In any North American education, Germany is inevitably brought up in any conversation regarding European history. Even as someone who’s had an extremely limited course load in world history, in high school I learned about Germany’s role in World War II, the Cold War, and the Holocaust. The horrific reality of the mass genocide of a scapegoated group of innocent people, and the tale of a city pulled in two different directions by two opposing superpowers. It always felt like a concept. A textbook chapter. Horrible things that happened at some point in the past, that we should all remmeber and learn from. Far away. Long ago. Important, but not directly relevant to my everyday life.

But being in Berlin for that weekend, I was forced to realize how real, recent, and close it all really was. The Berlin wall fell less than thirty years ago. Less than 30 years!!! My parents were alive! I was almost alive! A physical wall dividing a city?! The Holocaust began 80 or so years ago. That’s less than a lifetime. Less than one single lifetime ago, over 11 million people were burned, shot, starved, gassed, or worked to death in the very city I was standing in, simply because the country needed something to believe in, and something to blame. Now I know genocide is still a very serious present problem in various countries around the world, but this degree of man turning on man – humans seeing fellow humans as nothing more than disposable animals – I can’t even begin to comprehend it.

{Above: There's a string of red brick throughout the city where the Berlin Wall used to stand. If you can read it rightside up, it means you're on the East, and if you're looking at it upside down, you're on the West!}

Honestly, what got to me more than anything was seeing elderly people. People in their late 70’s, early 80’s, who had lived through it all. Through the destruction of the country, the repercussions of the decisions that were made, the memorials that went up in the names of their friends, their family, their neighbors, and now the tourists that came to see the remnants of events that were so deeply interwoven into the fabric of their lives. Two weeks later, I think I’m still processing that idea. When I sit back and really think about it, it still baffles me.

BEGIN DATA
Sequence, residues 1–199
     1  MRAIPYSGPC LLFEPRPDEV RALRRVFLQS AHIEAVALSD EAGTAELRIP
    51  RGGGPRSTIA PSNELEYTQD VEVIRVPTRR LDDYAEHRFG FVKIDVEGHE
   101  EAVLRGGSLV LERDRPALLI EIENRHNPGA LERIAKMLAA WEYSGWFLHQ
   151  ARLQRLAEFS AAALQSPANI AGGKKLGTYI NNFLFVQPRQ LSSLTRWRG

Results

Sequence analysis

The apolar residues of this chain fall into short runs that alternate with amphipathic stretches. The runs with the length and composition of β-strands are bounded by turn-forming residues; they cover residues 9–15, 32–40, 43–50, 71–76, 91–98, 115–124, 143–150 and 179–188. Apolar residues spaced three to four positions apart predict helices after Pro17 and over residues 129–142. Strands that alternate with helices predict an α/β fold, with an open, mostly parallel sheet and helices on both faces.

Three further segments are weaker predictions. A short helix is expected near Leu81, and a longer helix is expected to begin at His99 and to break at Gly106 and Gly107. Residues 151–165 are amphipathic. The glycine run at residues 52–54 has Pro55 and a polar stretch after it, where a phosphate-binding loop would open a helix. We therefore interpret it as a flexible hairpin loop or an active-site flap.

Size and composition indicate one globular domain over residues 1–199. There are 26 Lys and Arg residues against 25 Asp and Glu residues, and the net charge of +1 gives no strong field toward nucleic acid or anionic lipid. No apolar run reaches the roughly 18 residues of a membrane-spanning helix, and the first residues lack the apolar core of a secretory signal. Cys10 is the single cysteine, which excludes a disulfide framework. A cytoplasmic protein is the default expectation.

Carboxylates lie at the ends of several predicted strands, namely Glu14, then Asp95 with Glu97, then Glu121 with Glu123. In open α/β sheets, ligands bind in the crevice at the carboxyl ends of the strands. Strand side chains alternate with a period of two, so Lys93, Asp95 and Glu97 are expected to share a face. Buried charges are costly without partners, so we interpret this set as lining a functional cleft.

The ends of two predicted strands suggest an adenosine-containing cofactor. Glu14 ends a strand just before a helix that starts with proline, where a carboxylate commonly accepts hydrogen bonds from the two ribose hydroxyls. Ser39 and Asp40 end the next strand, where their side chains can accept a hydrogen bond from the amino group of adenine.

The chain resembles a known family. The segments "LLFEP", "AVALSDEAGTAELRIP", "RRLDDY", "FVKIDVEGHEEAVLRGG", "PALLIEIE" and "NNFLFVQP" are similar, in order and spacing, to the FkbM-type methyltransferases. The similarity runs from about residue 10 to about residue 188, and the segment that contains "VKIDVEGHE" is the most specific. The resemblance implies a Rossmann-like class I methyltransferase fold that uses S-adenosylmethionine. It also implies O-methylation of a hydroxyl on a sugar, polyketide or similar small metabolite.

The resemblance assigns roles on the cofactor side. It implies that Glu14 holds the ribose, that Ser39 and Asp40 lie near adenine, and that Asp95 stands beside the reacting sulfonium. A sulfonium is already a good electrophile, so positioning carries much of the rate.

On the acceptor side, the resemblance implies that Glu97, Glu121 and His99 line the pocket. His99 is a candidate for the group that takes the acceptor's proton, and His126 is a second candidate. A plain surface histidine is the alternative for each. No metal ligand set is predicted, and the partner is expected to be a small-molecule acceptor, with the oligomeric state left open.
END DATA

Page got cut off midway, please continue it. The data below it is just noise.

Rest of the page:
Late Sunday night as we boarded a bus back to Amsterdam, I realized how much I’d learned about the human experience. I realized that, although we’re all human beings, the adversities and triumphs that we’ll each endure and overcome are different beyond what I'll likely ever be able to comprehend. I wish there’d been more time to explore and roam around not just Berlin but Munich, Hamburg and other cities in Germany, but the two days I spent in Berlin are two I’ll never forget. The experience gave me even more appreciation for the fact that a textbook education can’t even begin to compare to a physical one. I admire Berlin for its tenacity and vivacious spirit, and Germany for its ability to pay respect to the people it wronged.

If it wasn’t clear by now, the trip was amazing. I maneuvered a new city with 5 other incredible girls, and learned and grew in a way I definitely wasn’t expecting.

This got really long, so here are some bullet points in case you skipped to the end:

  • Go to Berlin.
  • Unless you’re a really cool person, you might feel out of place. That’s okay. I'm living proof that if you fake it, no one will know.
  • Augustiner beer. It’s really good.
  • If you’re ever in the city, go on the “Original Berlin Walking Tour,” and ask for Merren as a guide. She’s hilarious and smart and I promise you won’t regret it.
  • Everything you learned about in European history happened a lot more recently than you probably realize.
  • Seriously, go to Berlin.